8 Steps to Minimize Your Coding Bootcamp Debt

Rachel Seitz

Written By Rachel Seitz

Last updated on May 9, 2023

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If you’re planning to take out a loan to pay for your coding bootcamp tuition, READ THIS FIRST. Borrowing money can be confusing and stressful, but there are a number of ways to make sure your debt doesn’t pile up more quickly than you were expecting. The team at Climb Credit, a student lender focused on career-building education, drew from their experience working with bootcamp students to put together this list of ways to be smart about your loan, and avoid accruing unmanageable debt by the time you graduate.

So how can you minimize your student loan debt?

1. Start saving and budgeting before coding bootcamp

In the months before you begin class, spend some time putting together a budget. One thing that makes managing a budget easier is a budgeting tool, whether you need one created for you, or want to make a personalized one.

Some specific actions you can take to save up money before school are:

  • Spend less on eating out or ordering takeout.
  • Delay those impulse purchases (just because you see something you want go on sale doesn’t mean you suddenly need it).
  • This may be the most difficult one – don’t worry too much about fear of missing out (FOMO). Seeing pictures of your friends at that concert won’t be fun, but trust us, saving that money will be worth it in the long run. And besides, there are plenty of inexpensive, if not outright free, things to do out there.

2. Calculate how much you can afford to borrow for bootcamp tuition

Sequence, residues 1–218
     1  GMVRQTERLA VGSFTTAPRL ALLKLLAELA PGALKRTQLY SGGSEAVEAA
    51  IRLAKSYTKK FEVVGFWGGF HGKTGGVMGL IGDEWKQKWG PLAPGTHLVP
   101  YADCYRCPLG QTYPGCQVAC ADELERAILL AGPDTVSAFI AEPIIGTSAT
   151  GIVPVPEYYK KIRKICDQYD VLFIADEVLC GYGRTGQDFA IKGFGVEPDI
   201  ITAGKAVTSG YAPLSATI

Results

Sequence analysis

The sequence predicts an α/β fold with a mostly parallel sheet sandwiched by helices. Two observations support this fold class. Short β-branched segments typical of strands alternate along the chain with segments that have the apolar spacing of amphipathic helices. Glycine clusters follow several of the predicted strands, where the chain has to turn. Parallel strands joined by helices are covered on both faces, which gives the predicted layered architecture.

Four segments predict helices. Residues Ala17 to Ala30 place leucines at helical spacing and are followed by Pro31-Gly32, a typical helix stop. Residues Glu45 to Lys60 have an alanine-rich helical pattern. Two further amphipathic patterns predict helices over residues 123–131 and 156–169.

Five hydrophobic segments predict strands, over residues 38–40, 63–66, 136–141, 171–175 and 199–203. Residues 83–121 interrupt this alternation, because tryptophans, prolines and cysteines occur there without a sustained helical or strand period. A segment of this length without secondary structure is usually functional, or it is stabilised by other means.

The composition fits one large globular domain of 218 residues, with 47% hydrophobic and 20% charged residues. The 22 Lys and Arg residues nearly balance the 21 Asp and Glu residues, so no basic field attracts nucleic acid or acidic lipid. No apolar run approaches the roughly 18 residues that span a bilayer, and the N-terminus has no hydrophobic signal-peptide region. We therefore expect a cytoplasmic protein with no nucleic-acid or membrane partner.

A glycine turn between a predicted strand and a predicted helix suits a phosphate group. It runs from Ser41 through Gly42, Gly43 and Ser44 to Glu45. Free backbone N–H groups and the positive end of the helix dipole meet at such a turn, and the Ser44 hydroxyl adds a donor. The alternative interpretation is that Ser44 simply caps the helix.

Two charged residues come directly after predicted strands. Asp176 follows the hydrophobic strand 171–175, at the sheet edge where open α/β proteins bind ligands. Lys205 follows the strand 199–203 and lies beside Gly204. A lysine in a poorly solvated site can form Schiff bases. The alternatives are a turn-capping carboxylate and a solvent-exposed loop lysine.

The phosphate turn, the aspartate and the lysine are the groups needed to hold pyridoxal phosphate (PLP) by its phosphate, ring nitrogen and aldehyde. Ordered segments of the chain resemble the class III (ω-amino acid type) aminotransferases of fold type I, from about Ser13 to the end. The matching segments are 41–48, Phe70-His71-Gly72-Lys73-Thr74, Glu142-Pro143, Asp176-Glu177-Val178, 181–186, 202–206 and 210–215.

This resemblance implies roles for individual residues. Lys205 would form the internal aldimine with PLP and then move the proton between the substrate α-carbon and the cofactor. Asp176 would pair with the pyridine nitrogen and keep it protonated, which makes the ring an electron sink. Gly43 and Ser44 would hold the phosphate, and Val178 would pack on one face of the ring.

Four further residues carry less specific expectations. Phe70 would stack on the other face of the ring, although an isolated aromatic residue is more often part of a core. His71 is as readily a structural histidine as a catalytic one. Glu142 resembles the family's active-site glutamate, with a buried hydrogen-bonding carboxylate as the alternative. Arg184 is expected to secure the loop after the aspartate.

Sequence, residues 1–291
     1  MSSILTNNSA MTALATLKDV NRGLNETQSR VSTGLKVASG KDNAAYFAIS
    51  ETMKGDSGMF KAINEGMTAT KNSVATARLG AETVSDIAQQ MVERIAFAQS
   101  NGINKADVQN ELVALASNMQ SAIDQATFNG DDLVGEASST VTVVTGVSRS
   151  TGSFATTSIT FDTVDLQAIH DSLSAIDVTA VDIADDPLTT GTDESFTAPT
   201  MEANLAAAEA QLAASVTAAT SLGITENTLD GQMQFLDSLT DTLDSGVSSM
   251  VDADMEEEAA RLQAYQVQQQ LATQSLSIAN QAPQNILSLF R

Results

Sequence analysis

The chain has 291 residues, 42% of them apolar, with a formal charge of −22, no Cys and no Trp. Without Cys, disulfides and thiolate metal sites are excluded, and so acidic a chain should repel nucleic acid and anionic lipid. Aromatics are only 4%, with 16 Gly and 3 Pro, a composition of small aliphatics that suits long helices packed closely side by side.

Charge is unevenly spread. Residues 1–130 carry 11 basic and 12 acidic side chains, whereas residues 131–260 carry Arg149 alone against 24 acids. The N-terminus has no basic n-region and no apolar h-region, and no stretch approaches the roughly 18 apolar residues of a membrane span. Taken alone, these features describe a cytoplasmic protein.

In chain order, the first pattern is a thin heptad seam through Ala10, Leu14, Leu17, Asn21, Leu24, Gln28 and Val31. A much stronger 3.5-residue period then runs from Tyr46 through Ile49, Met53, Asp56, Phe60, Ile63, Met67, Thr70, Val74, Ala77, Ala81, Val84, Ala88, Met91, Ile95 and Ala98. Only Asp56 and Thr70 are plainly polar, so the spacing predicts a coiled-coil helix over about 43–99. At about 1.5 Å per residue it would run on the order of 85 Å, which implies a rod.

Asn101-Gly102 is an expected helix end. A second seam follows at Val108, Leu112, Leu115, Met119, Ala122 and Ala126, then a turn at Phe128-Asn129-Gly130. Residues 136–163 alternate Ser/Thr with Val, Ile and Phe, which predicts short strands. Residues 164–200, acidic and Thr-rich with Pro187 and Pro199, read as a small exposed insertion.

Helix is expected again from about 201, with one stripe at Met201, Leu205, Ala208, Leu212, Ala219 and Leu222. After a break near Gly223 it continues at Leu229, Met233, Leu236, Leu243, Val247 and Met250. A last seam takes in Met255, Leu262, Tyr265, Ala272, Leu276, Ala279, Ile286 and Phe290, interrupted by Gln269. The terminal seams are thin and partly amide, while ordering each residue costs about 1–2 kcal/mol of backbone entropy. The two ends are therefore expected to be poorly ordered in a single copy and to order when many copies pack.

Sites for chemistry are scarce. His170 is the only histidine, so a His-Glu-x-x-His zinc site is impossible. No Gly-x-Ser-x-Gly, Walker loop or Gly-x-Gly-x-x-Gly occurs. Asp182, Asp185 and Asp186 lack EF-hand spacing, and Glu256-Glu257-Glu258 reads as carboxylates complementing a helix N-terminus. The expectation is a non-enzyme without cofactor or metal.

Cost undoubtedly impacts your decision, but the importance of cost depends on a students’ circumstances. You should also consider the end result; not just the initial investment. The tuition at one bootcamp may be higher, but also provide better class resources and career support. If a student can land a better job with a higher salary after graduation, then the education could more than pay for itself.

Looking online and reading reviews on websites like Course Report, visiting campuses, and hearing from alumni can help you get an idea about whether the price is worth the product, and whether you will get a good return on investment – which is especially important if you’re going to be taking out a loan.

PRO TIP: You only want to borrow enough to help you through your education – an education that gets you to your career goals.

3. Avoid borrowing more than you need

The amount you need to borrow depends on each individual student’s situation. If you aren’t working but still need to buy groceries, pay rent, or pay any other living expense, then borrowing some extra money for living costs on top of the tuition can be beneficial.

But it’s important to figure out exactly how much you’ll really need – track your spending, and then figure out which things are necessary expenditures. Borrowing more living expenses than necessary may be tempting, but you’ll just need to pay more back in principal and interest down the road.

4. Choose a lender which prioritizes student success

Look for a lender which places a priority on the success of the students, rather than just getting money back from them. Climb’s mission is to make the education we finance work for students – we evaluate each program we partner with and only offer financing for programs that pass our return-on-investment evaluation. And throughout our relationship we continue to assess our partner schools, taking the success of graduates and the experiences they had during and after their courses very seriously.